<< -- 3 -- Robert Anderson GLORIOUSLY INSPIRED
The main difference is the soloists. What Heddle Nash was in 1945, Richard
Lewis had become in his different way ten years later. His Credo is
less profoundly felt than Nash's but pronounced with ringing authority
[listen -- CD1 track 15, 0:00-1:33]. Whereas
Sargent had a couple of basses in 1945, John Cameron manages both the
forthright declamation of the priest and the much darker agonies he must
command in Part II.
It is difficult to imagine anything more tender than the quiet comfort of
Marjorie Thomas's Angel
[listen -- CD2 track 3, 1:06-2:31].
And what of the chorus? 'Demons' shows these northerners on flame-spitting
form. Elgar was notoriously partial to 'somewhere further north' and loved the
freshness and conviction of northern singers in his music, turning to
North Staffordshire or Leeds for the range and weight of sound he liked.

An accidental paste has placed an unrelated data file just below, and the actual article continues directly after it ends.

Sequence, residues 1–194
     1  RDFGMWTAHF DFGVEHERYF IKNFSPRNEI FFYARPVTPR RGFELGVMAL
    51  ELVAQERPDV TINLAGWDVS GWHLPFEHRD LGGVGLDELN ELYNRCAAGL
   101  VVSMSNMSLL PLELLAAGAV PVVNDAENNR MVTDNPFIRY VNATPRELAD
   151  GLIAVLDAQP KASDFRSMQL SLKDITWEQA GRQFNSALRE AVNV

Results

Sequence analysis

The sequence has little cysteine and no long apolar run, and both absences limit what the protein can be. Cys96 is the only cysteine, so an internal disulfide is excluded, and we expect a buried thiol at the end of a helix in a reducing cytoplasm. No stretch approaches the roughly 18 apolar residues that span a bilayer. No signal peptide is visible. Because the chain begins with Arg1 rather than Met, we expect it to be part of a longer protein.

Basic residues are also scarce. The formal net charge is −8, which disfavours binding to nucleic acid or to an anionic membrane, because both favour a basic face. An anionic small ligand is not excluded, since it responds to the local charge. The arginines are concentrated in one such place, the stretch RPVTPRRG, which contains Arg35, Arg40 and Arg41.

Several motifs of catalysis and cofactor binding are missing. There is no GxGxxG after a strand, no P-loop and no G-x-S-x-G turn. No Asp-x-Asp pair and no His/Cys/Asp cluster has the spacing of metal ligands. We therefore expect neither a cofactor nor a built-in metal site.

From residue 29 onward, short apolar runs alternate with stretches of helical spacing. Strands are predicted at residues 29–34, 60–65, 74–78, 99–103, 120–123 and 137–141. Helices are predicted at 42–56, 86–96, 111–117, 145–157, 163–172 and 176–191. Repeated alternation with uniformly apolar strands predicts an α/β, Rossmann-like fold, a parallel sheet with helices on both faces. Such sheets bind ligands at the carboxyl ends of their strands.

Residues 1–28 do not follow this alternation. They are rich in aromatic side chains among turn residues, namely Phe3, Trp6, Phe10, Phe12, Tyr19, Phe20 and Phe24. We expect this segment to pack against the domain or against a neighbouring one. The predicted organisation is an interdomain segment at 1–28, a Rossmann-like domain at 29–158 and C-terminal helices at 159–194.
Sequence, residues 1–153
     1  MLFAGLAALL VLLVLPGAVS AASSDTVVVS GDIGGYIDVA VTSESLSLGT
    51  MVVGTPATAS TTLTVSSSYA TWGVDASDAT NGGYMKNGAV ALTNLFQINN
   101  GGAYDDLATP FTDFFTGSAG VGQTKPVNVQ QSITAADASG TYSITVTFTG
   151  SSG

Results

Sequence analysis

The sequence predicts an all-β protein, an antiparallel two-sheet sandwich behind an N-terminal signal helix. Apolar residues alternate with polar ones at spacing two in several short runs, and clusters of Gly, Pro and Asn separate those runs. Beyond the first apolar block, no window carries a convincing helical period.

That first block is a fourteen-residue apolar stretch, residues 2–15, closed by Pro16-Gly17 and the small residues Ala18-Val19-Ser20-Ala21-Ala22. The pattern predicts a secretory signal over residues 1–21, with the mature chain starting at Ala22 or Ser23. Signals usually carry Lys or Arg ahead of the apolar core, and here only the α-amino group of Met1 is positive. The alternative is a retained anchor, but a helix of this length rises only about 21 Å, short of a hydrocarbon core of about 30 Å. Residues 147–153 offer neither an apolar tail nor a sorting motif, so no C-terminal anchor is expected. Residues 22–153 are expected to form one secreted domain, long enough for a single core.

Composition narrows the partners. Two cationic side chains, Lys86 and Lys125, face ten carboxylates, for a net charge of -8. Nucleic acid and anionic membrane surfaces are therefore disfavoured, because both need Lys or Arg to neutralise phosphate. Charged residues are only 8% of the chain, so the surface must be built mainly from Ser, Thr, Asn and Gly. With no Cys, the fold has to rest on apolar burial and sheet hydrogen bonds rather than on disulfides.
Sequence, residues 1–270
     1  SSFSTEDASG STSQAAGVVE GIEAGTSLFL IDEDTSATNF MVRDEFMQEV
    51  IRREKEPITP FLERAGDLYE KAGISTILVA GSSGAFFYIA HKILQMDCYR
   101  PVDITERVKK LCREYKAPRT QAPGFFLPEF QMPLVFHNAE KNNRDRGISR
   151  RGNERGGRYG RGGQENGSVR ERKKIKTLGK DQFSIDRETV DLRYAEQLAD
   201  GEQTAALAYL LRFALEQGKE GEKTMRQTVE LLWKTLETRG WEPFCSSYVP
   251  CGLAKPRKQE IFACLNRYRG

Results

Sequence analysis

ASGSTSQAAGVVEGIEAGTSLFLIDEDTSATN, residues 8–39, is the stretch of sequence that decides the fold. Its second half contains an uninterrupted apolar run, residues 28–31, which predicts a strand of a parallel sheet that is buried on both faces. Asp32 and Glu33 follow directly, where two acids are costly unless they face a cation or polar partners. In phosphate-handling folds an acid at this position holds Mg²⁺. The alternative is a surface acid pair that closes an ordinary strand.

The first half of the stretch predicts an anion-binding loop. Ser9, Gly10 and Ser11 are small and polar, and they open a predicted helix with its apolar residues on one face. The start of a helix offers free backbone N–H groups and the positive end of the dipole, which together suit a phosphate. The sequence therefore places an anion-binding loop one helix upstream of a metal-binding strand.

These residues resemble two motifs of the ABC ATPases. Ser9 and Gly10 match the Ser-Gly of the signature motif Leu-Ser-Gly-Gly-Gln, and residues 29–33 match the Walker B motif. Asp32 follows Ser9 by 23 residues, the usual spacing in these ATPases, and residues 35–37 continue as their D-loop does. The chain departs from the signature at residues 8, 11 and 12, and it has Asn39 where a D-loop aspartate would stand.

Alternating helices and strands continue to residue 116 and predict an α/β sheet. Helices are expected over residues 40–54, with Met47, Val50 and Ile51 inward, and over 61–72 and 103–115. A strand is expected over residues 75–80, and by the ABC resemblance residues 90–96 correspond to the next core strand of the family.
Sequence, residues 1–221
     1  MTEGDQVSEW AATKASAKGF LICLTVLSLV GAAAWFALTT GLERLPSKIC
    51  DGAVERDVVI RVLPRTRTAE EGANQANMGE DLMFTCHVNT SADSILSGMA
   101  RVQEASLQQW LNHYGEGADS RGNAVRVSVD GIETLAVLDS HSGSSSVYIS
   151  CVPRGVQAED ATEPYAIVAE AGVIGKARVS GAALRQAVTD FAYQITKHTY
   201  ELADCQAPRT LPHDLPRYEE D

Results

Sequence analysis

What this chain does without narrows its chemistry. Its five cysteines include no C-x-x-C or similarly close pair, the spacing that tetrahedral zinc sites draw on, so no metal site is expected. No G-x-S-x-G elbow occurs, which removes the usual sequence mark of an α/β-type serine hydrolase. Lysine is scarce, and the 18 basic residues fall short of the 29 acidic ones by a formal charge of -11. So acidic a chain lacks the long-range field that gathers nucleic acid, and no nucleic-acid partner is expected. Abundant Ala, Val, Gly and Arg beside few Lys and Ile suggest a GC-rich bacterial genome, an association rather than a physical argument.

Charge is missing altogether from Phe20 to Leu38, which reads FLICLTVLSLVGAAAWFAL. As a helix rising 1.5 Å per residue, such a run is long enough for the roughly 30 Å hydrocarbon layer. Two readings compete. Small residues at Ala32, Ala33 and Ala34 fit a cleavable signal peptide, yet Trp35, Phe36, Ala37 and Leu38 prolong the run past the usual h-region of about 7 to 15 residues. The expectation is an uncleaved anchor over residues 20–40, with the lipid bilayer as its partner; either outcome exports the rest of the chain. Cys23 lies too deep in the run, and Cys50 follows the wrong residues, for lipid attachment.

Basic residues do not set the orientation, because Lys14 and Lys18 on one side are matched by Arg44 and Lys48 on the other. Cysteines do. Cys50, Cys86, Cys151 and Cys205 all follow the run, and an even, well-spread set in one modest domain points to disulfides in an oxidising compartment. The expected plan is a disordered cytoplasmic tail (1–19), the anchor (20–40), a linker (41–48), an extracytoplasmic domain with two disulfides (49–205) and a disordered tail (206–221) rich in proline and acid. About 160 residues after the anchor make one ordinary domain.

It may be that by the end of the recording, and with purgatory in view,
the women were beginning to wilt. If a little freshness has deserted them in
the 'Angel's Farewell', it is hardly a blemish on a magisterial achievement
[listen -- CD2 track 13, 3:17-4:38].
Sargent was never less than workmanlike; in these two favourite works he is
Copyright © 29 June 2004
Robert Anderson, London UK
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Elgar: The Dream of Gerontius; Walton: Belshazzar's Feast
5 85904 2 ADD Mono REISSUE (2 CDs) 71'15"/57'47" - TT 129'02" 1955,1958 and 2004 EMI Records Ltd
James Milligan, bass-baritone (Belshazzar's Feast); Richard Lewis, tenor (Gerontius, The Soul of Gerontius); Marjorie Thomas, mezzo-soprano (The Angel); John Cameron, baritone (The Priest, The Angel of the Agony); Huddersfield Choral Society; Royal Liverpool Philharmonic Orchestra; Sir Malcolm Sargent, conductor
William Walton (1902-1983): Belshazzar's Feast (1931; text selected from Biblical sources by Osbert Sitwell); Edward Elgar (1857-1934): The Dream of Gerontius, Op 38 (1900; words by Cardinal Newman)